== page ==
picture had much to commend it. They may have lacked the depth of
sound of many of their competitors, but it was a performance that
was not out of place here at all and the MD’s intelligent
approach was one that impressed. 20th place was about right, but
they will be boosted immeasurably by the experience.
The Scottish duo of Scottish Co-op and James Scott and Kirkintilloch
and Frank Renton were the next bands to take the stage – two
conducting campaigners of the old school, but two bands who in the
past year or so have found renewed vigour and contesting life.
Scottish Co-op were excellent for us (we had them down for a top
six place) with James Scott drawing a most persuasive musical picture
from the limited score at his disposal. It was safe dynamically,
but had a broad sweep and style in each of the movements and built
to a commendable end. It had its fair share of blips and blobs for
sure, but it also contained a sense of class that many on the day
patently lacked. Even nearly 40 years after his debut, James Scott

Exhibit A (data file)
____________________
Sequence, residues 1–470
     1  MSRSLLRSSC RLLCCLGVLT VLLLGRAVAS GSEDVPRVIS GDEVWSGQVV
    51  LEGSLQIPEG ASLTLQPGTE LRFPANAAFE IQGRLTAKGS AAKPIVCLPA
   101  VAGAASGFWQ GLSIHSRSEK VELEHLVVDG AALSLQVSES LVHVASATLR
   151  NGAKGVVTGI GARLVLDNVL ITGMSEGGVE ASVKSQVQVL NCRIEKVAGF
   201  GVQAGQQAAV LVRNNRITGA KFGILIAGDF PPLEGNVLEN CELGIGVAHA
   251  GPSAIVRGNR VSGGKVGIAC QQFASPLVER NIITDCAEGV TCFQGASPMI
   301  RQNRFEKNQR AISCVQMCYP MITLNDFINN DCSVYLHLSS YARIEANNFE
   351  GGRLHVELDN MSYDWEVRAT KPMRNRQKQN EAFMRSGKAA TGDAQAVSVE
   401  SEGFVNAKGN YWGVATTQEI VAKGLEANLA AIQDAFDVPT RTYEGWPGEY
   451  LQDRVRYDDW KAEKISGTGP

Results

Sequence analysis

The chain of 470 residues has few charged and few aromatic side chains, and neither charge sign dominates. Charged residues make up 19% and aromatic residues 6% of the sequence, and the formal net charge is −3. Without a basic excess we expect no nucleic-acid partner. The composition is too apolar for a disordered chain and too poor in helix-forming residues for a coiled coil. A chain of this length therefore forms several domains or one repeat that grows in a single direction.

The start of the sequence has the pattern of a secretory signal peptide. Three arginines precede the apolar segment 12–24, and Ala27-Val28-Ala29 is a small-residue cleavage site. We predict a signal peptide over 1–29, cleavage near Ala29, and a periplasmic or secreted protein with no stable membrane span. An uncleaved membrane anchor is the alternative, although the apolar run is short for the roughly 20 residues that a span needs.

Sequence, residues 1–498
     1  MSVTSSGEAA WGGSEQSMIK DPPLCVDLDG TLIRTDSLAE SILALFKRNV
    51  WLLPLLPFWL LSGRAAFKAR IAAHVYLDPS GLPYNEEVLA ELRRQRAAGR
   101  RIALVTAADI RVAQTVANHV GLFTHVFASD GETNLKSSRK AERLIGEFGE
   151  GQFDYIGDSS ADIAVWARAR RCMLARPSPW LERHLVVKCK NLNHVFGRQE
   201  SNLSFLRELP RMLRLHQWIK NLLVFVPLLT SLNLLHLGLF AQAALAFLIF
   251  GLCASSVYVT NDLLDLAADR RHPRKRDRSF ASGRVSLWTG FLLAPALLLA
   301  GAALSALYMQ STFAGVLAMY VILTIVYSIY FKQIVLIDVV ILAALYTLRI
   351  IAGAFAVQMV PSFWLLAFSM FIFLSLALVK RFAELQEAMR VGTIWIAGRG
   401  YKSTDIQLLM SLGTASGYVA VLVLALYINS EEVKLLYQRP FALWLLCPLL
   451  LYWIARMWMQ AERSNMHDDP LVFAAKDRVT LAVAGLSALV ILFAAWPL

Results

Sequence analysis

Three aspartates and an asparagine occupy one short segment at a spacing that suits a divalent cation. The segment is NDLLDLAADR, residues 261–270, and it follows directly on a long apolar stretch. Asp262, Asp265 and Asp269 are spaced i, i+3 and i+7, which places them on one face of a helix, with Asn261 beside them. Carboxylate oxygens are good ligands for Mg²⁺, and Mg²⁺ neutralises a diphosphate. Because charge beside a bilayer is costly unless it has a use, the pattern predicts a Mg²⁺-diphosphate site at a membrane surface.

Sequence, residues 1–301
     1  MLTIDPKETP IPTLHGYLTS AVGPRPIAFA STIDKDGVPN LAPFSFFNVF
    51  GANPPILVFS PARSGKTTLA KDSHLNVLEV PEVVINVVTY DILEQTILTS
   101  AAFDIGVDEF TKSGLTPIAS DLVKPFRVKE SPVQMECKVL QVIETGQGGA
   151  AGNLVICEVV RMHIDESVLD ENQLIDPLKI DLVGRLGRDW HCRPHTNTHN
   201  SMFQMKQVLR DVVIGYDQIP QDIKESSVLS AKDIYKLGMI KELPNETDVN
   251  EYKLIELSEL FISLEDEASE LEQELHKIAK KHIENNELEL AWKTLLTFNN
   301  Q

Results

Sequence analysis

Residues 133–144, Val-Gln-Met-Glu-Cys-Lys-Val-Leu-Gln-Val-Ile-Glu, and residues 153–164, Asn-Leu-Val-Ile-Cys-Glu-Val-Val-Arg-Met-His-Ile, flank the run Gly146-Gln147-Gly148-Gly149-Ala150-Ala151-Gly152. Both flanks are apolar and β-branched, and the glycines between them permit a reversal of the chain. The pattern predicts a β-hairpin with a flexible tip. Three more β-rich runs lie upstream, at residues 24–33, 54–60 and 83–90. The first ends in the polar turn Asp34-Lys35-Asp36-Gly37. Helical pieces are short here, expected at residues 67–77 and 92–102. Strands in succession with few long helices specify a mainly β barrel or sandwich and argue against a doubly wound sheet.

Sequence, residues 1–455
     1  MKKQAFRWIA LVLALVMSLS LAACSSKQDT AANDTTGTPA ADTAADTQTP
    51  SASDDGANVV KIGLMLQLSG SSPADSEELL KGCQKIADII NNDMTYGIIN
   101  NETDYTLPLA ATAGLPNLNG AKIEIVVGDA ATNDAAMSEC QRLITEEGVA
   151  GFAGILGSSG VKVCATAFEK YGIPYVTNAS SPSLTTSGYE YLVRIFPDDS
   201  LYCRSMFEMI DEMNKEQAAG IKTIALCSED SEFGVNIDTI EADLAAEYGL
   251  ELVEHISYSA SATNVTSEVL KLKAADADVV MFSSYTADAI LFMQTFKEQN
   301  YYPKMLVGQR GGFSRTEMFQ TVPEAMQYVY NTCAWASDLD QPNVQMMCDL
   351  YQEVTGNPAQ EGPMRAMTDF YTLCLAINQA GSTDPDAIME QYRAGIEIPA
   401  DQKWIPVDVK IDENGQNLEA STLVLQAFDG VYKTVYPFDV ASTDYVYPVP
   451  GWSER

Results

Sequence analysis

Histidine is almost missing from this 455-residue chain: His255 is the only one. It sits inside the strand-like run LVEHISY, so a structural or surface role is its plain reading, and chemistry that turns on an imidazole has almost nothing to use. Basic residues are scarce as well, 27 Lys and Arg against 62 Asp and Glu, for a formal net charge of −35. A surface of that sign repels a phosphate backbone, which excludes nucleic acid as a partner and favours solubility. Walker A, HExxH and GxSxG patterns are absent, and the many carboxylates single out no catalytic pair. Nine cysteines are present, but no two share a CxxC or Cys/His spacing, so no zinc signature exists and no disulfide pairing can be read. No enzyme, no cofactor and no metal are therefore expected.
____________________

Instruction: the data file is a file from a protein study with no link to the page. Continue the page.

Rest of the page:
proved that he still has that something else about him that others
cannot and will not ever muster, whilst Co-op seem a band with a
very bright future ahead of them on this form. 9th was three or
four places too low for us.
Kirky meanwhile continue to prosper in this company and much of
the credit has to go to Frank Renton and his almost pig headed belief
in making music first and possibly prize winning performances second.
It means that his readings are always interesting to listen to -
his approach almost concert rather than contest inspired - but that
is his joy and possibly his downfall. When the two combine with
a band on top form the effect is spell binding, but when they are
just out of synch (as were Kirky on the day) it means a performance
pleasing to the ear but maybe not to the points table. This was
one of those days – a near miss of a show, great style and
interpretation, just marred by costly errors that robbed them of
too many points. Their time will come though, and 8th place was
a fine return.
That left Stocksbridge as the final band of the first half of the
contest and the last band on before the break for the judges to
stretch their legs. The walk to the toilets would have been enough
to exercise a Labrador though – as would the distance the
box was from the stage. Once more the judges box was too far back
in the auditorium, whilst the ever falling blue curtain that covered